Obesity has been linked to all kinds of health problems, including diabetes and heart disease, but we don’t often think of the effect it might have on cancer. However, obesity is actually one of the main causes of preventable cancers in the UK and the effects of rising obesity are already being seen in younger people.
A study recently released y the American Cancer Society has found that the kinds of cancer associated with obesity are becoming increasingly common at younger ages. The researchers looked at the rates of 30 different types of cancer, some linked to obesity and some that were unrelated to weight. They found that obesity-linked cancers were becoming more common in people aged 24-49.
The effect was particularly strong in younger adults. It seems that each new generation is experiencing more of these obesity-linked cancers and that they are appearing at younger ages. It is particularly shocking that the six obesity-linked cancers that are increasing in young adults (kidney, gallbladder, pancreatic, colorectal, endometrial and multiple myeloma cancers) used to be mainly seen in people in their 60s and 70s. Millennials were almost twice as likely to be diagnosed with pancreatic, kidney or colorectal cancer as baby boomers were when they were the same age.
The recent study wasn’t designed to find the cause of these changes in cancer rates, so other factors, such as changes in exercise habits could also be playing a role. However, what we do know is that obesity and obesity-linked cancers are on the rise. Why does our weight matter when it comes to cancer risk?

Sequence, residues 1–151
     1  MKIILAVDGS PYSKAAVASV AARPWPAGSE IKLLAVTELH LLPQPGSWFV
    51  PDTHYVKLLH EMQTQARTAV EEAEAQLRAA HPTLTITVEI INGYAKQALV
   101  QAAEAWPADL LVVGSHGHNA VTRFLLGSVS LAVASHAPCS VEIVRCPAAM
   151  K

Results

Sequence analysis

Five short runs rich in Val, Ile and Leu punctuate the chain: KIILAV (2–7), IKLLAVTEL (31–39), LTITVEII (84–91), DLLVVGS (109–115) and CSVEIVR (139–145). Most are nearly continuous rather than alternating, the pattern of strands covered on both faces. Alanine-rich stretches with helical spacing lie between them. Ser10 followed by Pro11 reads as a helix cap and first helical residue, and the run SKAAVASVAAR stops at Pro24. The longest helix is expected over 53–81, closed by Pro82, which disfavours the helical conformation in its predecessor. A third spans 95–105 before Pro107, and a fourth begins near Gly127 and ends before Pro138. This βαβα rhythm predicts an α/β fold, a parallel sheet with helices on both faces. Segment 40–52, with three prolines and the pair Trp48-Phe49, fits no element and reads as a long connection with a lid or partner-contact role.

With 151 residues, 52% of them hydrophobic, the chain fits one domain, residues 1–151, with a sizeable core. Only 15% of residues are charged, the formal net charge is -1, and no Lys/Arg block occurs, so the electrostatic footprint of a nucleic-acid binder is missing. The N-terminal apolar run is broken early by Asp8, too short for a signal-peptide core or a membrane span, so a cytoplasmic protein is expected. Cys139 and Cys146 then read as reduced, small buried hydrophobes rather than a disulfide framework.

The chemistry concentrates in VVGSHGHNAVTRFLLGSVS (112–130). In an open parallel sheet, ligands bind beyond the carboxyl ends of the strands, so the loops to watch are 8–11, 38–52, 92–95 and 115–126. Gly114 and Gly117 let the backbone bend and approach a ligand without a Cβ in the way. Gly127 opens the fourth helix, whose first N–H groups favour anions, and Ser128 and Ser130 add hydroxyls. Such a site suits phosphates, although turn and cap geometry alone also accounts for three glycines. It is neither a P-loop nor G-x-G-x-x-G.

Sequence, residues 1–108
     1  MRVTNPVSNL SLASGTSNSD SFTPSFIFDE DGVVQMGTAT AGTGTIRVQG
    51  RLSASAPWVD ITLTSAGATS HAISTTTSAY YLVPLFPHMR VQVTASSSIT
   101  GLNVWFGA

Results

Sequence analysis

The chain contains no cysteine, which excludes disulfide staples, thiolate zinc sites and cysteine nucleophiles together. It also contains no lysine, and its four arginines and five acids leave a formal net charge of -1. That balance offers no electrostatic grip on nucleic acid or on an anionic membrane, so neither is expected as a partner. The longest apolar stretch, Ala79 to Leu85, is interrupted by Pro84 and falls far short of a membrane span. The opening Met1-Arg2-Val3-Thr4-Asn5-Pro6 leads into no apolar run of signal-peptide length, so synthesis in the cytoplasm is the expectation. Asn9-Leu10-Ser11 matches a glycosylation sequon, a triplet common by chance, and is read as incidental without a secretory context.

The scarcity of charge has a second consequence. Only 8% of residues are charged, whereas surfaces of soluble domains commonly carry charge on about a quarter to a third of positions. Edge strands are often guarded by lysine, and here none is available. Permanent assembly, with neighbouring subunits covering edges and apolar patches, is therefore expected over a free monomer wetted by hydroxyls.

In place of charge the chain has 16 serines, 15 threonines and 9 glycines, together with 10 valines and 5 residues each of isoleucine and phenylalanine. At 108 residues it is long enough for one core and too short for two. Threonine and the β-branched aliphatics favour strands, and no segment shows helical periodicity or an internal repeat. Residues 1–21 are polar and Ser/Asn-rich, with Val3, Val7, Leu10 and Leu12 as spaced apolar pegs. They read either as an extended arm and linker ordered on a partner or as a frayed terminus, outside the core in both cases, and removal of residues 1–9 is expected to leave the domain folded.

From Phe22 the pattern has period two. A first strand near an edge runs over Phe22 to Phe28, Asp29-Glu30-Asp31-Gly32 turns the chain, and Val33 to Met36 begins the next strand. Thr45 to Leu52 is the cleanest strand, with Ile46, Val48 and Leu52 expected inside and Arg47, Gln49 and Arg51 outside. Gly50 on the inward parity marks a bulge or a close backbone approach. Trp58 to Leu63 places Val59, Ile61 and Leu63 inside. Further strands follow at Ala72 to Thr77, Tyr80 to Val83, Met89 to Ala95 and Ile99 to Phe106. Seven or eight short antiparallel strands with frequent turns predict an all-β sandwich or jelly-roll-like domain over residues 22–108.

Obesity is the second biggest preventable cause of cancer, after smoking. It is estimated that 1 in 20 cases of cancer in the UK are due to obesity. The chances of developing certain types of cancer increases with our weight and with how much of our lives we spend being overweight.
Obesity can increase the chances of developing cancer because we have extra fat cells that are busy sending out signals (growth factors and hormones) to encourage other cells to divide more. The fat cells are signalling that there are plenty of nutrients available for other cells to grow and regenerate. However, when we are overweight or obese they are sending out too many of these signals, which can cause cells to divide more than they should. Eventually, this can lead to errors in the cells that can become cancer.
The good news is that we can reduce our risk of developing cancer by losing weight. Getting rid of your excess weight and keeping it off can prevent cancer as well as other health problems linked to obesity.
Watch our valued client Isobel Grayson talking about her experience having Laparoscopic Sleeve Gastrectomy by Mr Sanjay Agrawal at The London Obesity Group clinic in London.
Watch our valued client Jane Round taking about her experience having Laparoscopic Sleeve Gastrectomy by Mr Sanjay Agrawal at The London Obesity Group clinic in London.
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